IT'S GONE THROUGH changes in location, name, and personnel, but Fade to Light is one of the longest-standing traditions in Portland's increasingly active winter fashion schedule. Now helmed solely by backstage-managing hired gun (and mod.portlandmercury.com contributor) Elizabeth Mollo, it's shrugged off its long association with combining fashion and live music, evolving into one handsome beast of pure fashion.
With an eye toward giving the audience more than just an oblique presentation, Fade to Light aims to present more of the process behind the designs, as manifested in short films shown just prior to the designs hitting the floor. This year's lineup includes repeat presenters like Ms. Wood, Bryce Black, Clair Vintage Inspired, Studio SKB, and Chicago Harper, along with new participants Gregarious T. Cline for PINO, Emit, and Wandering Muse.
New work from this lineup is hotly anticipated, with the designers cannily offering only hints of what to expect. Alyson Clair of Clair Vintage Inspired will be concentrating on the "party dress" end of her fall 2013 line, while Ms. Wood's Alicia Wood promises a small limited-edition line that deviates from her signature kimono inspiration and wooden accessories: "Separates good for layering, with the expected Asian flare (although you won't see any kimono sleeves in this one), lightening up on the wooden accents, and experimenting with fabric bag styles over all leather. With our other collections we were either heavy on the edgy/rock and roll vibe or light and poppy. With this one we are kind of combining edgy and soft using a color palette of earthy nude tones (think ballerina pink) to black."
Studio SKB is taking a page from the well-thumbed Edie Sedgwick playbook, a move actually inspired by a conversation with Mollo herself. "Elizabeth looks a bit like Edie," explains designer Sharon Blair. "Our conversation made me feel the same atmosphere of that time: The bursting desire to break free from past constraints and move into a new, exciting future... My 10-piece collection moves from the well-tailored details of a Pauline Trigère, as worn by Patricia Neal in 1961's Breakfast at Tiffany's, to the loose, fun styles of Mary Quant and Ossie Clark." Meanwhile, the increasingly edgy Bryce Black says he's "not following a season or any other traditional fashion rules that seem irrelevant to how we dress today. These fabrics will satisfy your comfort needs and tickle those who want more drama in their wardrobe. I mostly reference medieval Catholicism and the idea of insurrection."
Of the show as a whole, Mollo answered a few of our questions on what to expect on this sure-to-be-fabulous night.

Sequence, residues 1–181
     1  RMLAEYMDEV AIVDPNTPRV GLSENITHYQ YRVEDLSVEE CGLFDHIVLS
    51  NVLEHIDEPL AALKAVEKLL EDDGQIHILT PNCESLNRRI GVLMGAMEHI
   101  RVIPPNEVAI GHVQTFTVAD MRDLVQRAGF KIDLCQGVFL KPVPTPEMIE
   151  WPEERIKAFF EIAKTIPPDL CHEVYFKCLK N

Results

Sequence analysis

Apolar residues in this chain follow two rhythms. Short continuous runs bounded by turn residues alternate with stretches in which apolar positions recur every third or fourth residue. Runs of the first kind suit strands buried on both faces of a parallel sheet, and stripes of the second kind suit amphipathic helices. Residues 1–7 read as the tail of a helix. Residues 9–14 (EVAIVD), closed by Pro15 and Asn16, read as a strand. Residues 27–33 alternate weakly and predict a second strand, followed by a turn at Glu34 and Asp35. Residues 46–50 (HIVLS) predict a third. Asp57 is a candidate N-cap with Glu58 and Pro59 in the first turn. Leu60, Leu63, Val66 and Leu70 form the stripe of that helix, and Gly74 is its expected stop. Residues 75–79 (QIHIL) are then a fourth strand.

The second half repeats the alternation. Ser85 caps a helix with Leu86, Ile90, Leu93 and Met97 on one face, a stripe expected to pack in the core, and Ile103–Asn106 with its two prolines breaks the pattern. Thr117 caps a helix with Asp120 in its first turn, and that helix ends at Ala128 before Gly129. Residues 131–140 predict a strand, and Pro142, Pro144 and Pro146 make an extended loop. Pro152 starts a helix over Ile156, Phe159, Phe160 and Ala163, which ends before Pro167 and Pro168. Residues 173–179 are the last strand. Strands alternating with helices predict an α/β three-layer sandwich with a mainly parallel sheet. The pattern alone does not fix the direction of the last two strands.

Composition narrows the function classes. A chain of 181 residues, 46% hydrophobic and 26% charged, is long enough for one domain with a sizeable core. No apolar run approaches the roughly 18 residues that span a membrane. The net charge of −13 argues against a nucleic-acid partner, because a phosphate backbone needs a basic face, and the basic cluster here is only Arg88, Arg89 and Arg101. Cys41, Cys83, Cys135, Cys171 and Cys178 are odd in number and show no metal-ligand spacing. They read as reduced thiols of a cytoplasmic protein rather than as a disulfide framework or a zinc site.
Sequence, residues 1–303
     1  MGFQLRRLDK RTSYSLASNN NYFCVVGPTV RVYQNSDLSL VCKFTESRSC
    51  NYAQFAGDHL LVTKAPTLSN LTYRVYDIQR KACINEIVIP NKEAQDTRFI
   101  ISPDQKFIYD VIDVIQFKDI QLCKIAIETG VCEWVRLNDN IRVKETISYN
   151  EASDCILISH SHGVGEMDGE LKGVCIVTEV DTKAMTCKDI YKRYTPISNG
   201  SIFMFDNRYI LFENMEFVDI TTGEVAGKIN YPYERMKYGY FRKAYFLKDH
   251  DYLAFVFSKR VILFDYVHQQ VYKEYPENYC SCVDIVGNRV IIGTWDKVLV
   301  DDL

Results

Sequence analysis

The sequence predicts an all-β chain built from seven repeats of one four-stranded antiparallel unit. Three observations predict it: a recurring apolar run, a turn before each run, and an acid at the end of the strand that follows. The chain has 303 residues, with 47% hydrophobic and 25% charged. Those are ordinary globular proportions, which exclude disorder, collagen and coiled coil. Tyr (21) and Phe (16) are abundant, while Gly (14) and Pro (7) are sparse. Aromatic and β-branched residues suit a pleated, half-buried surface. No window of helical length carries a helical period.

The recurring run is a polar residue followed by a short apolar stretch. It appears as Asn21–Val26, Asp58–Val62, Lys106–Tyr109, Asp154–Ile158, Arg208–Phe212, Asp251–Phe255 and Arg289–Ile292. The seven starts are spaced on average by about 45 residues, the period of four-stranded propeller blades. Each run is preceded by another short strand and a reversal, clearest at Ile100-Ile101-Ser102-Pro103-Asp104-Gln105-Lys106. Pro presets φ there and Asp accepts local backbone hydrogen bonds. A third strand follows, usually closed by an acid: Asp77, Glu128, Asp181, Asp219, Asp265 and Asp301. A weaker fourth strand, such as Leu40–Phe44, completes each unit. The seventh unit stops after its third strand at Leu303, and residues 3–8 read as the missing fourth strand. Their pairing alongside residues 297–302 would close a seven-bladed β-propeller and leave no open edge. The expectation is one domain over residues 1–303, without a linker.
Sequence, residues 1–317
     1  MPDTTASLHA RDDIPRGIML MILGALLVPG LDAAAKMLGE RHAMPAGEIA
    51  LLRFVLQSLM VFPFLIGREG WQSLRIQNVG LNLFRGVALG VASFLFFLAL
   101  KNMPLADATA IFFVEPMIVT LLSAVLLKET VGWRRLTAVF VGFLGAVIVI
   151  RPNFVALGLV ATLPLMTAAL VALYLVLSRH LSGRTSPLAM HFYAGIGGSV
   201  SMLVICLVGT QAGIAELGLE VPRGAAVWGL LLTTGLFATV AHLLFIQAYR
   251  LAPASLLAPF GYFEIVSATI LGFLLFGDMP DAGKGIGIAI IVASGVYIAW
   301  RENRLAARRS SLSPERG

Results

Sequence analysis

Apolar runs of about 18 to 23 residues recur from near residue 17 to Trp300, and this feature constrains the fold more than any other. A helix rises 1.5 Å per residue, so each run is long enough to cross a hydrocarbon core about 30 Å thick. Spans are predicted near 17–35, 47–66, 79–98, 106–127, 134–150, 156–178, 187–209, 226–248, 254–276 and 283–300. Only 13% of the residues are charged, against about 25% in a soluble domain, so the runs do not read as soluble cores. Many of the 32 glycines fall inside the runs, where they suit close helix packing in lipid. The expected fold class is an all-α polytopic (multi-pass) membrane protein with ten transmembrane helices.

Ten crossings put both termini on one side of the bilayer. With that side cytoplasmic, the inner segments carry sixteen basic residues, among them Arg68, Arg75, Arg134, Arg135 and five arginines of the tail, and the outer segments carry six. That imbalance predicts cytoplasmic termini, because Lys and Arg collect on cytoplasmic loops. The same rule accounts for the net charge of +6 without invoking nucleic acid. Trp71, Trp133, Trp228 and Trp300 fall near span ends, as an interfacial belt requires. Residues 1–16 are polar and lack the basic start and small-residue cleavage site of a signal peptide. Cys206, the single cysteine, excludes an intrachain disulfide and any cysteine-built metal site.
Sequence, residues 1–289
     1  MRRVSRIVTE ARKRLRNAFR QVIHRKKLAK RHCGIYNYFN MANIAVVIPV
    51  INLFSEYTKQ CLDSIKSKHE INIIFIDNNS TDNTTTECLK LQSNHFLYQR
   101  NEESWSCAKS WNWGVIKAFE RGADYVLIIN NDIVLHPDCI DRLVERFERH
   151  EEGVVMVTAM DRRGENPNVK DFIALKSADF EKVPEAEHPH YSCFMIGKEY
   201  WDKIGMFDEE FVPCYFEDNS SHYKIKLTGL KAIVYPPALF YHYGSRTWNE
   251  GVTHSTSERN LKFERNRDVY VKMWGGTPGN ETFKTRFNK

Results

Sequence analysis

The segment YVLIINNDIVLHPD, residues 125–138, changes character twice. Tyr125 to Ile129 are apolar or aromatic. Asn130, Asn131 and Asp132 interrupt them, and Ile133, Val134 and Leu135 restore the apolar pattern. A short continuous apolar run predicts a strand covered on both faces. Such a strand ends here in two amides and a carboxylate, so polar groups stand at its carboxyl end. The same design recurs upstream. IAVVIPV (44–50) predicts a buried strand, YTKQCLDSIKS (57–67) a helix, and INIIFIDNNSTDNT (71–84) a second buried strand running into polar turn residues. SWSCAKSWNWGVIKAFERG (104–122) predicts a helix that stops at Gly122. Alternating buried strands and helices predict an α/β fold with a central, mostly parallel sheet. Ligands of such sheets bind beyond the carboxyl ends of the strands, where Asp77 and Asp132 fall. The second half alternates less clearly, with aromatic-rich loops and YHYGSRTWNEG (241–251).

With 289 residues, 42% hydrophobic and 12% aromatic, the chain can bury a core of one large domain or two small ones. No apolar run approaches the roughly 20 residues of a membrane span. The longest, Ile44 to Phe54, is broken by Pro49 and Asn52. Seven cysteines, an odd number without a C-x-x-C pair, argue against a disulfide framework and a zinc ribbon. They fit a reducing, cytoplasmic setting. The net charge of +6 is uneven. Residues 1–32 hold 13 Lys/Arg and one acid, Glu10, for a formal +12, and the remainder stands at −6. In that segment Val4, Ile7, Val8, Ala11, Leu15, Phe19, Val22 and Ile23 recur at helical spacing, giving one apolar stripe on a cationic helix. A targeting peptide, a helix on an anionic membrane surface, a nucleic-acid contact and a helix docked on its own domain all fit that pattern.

MERCURY: For the first time the show doesn't appear to involve live music. What led to that decision?
ELIZABETH MOLLO: Honestly no one would really stay for the live music, and even though we would always book really amazing bands people just left after the fashion show. I decided that now, as opposed to years past with the rock and roll fashion shows, people are coming specifically just for the fashion show, so not having a band freed us up production-wise to just focus on the fashion show. The live music element is not completely gone from the show this year, however, and I don't want to divulge too much about it, so I will just leave it at that.
Can you elaborate on Fade to Light's aim to better understand the designers' process?
I don't want to say that most fashion shows don't aim to foster a better understanding of the designers and their process, but with Fade to Light I pretty much give the designers free rein to do whatever they want. Most designers choose to stick with the typical presentation format, but others, and especially Joshua Buck of Chicago Harper, really try to think of things to do for their segment other than just models walking down a runway. The [other] element, in addition to the collections, of course, is the short video that each designer shows. That helps to really drive home their brand and collection, and adds another dimension to the show. As Fade to Light grows I really hope to keep expanding the production creatively. My goal is to not just present the designers and their collections, but add some theatrics that not many people attempt in Portland.
How did you curate this lineup?
By choosing the designers I really admire in Portland, designers who are trying, and succeeding, in making a name for themselves. I also chose these designers because they all design and manufacture their lines in Portland, which is a super important factor for me. Most are showing fall 2013, [but] I don't give them any thematic guidelines. They are in complete control of what they want to show.
How did [your boyfriend and well-known DJ] Gregarious become involved with the men's accessories line PINO?
I think it came about with them talking at a party or something, and [PINO founder Crispin Argento] commenting on Greg's tie. I didn't set it up, and I have not really been a part of that collaboration at all, aside from giving my input when Greg has asked me for it. It's Greg's thing, and I am letting him run with it.